There were boys at our school that had piercings - they too were asked to remove them during school hours and I don't recall them ever complaining or throwing a huge fuss like these girls were or the girl with her hair dye.

I think it's ridiculous that 8 years later the current administration and faculty (some of which were there at the time my friend was and gave her grief over it) are now just giving up at the first time students whine about it and threaten to make them pay if it closes up.

Hey, guess what - the dress code policy on the issue hasn't changed since it was written like over 2 decades ago! You knew it was there, you choose to do it anyway and you got caught. Boo-f'ing-hoo!

What really irks me is that radio jocks this afternoon who were talking about it, stating they're not sure if she was right or wrong in doing so and whether or not the school administration's reaction to it was right or wrong, wanted to invite her out to some upcoming area-wide festival and have her walk across the stage in her cap and gown and receive her recognition prior to one of the bands going on.

How is that fair to the other 180 students in her class who followed the rules?

She broke the dress code and now she gets to be a minor local celebrity getting recognized at a city event because of it? It sounds like we're rewarding "bad" behavior here - break your school's rules and you'll get recognized on the radio and get to be recognized at some area-wide festival.

I'll admit, I think the administration was a little harsh, not letting her participate in graduation because of her hair color and I can see the misunderstanding her and her parents made that they assumed because classes were over it would be okay, but still. It was stated in the dress code that it was not permitted at school sanctioned events, which graduation would fall under, and she did it anyway. Yes, they could have let it slide this once, but still - who's to say other students wouldn't have dyed their hair crazy colors if they knew they could get away with it too?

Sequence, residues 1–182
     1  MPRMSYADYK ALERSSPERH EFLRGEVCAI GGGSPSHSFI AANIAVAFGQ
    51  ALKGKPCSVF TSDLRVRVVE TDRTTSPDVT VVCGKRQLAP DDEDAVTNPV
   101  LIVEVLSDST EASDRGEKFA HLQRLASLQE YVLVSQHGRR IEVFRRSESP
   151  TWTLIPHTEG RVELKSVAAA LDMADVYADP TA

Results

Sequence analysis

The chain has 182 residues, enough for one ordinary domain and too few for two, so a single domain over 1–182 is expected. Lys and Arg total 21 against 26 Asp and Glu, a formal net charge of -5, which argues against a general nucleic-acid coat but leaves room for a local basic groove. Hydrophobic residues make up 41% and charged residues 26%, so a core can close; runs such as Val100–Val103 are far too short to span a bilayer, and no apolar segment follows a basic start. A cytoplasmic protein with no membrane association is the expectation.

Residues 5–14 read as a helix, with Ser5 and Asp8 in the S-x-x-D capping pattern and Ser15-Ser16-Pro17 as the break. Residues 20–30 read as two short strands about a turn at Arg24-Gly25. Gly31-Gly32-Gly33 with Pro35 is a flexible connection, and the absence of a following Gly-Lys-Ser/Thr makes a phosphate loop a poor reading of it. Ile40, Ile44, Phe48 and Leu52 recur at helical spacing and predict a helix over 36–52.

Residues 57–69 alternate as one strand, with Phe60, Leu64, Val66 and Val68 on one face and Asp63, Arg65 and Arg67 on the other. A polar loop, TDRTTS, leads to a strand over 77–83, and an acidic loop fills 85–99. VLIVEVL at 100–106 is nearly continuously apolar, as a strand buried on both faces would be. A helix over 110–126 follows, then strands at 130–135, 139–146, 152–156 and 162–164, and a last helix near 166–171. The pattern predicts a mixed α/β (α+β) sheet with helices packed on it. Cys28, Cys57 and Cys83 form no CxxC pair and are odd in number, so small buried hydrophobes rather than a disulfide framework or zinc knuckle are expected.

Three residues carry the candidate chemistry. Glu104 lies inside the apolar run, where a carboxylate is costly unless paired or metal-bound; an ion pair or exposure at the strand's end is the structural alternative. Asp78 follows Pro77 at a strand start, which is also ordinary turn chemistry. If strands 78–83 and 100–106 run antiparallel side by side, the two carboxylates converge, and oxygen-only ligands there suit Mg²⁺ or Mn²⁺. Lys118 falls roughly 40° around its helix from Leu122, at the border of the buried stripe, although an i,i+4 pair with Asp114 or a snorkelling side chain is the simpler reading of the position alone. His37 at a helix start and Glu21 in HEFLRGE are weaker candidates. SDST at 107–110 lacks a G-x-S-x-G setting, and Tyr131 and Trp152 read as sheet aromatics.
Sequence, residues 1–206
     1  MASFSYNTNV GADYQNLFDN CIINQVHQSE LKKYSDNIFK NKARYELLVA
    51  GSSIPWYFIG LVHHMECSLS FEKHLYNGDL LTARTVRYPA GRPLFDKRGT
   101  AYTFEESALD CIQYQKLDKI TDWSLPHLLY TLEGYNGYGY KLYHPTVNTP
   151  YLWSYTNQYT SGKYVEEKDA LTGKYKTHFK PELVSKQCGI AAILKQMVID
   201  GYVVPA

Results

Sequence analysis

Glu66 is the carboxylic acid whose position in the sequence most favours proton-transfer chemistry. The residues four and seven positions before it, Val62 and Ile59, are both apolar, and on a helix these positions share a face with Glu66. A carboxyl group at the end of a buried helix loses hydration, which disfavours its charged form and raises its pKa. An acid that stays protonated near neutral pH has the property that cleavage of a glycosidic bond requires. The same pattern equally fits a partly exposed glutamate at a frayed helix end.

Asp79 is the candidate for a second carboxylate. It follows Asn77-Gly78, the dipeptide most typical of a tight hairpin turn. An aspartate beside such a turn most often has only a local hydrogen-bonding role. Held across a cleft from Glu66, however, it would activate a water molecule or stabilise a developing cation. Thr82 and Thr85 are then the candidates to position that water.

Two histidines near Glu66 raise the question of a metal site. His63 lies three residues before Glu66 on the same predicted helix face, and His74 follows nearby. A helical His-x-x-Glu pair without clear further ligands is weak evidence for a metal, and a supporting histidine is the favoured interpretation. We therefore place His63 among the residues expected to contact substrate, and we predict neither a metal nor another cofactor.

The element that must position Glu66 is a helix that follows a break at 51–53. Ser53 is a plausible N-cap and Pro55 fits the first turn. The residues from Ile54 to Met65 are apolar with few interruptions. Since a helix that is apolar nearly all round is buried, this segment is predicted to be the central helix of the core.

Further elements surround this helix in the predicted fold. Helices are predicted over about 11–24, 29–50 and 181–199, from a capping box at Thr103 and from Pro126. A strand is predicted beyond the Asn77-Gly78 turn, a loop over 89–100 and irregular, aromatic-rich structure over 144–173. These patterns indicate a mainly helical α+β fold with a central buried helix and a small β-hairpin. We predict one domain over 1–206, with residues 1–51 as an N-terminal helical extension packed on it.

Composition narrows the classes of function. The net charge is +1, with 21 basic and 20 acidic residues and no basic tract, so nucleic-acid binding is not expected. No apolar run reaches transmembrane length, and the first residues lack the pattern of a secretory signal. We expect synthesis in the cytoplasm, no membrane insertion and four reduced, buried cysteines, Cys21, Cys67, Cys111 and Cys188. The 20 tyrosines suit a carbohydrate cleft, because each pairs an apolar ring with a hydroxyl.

I know that if I could get away with lots of piercings and still have a job or have no problem getting a new one I would get more than what I have.

What are your thoughts?

One thing I failed to mention, from what they said on the radio, she was given the option to go home and change her hair color back, but I take it she didn't. Obviously she didn't feel that this graduation was that important - if it was really that big a deal, if it really was that important for her to walk across the stage, she could have changed it back that afternoon and been able to, but she chose not to. 


  1. While I think breaking the rules for the sake of breaking the rules is retarded and people need to own up to the consequences of their actions, the only problem I have with this is that, technically, she is not wrong to dye her hair for this event, assuming what you posted is the exact wording of the school/district's dress code.

    You say that it says no school sanctioned events, but that is not actually the case, as you have put it, with regard to hair dye (facial piercings may be a different matter entirely). The exact wording you used was "that will disrupt or distract from EDUCATIONAL activities."

    In no way is a graduation ceremony an "educational" activity. Now, if the school and district were to change the wording, then it is another matter. However, she did technically act within the letter of the law, so to speak.

    Of course, this is entirely based on the assumption that the wording is exactly as you have it listed. Either way, if the school board/principal/whoever is in charge makes the call that she is wrong (while being fair and actually considering exactly what the rules state), then she does need to own up to the consequences of her actions.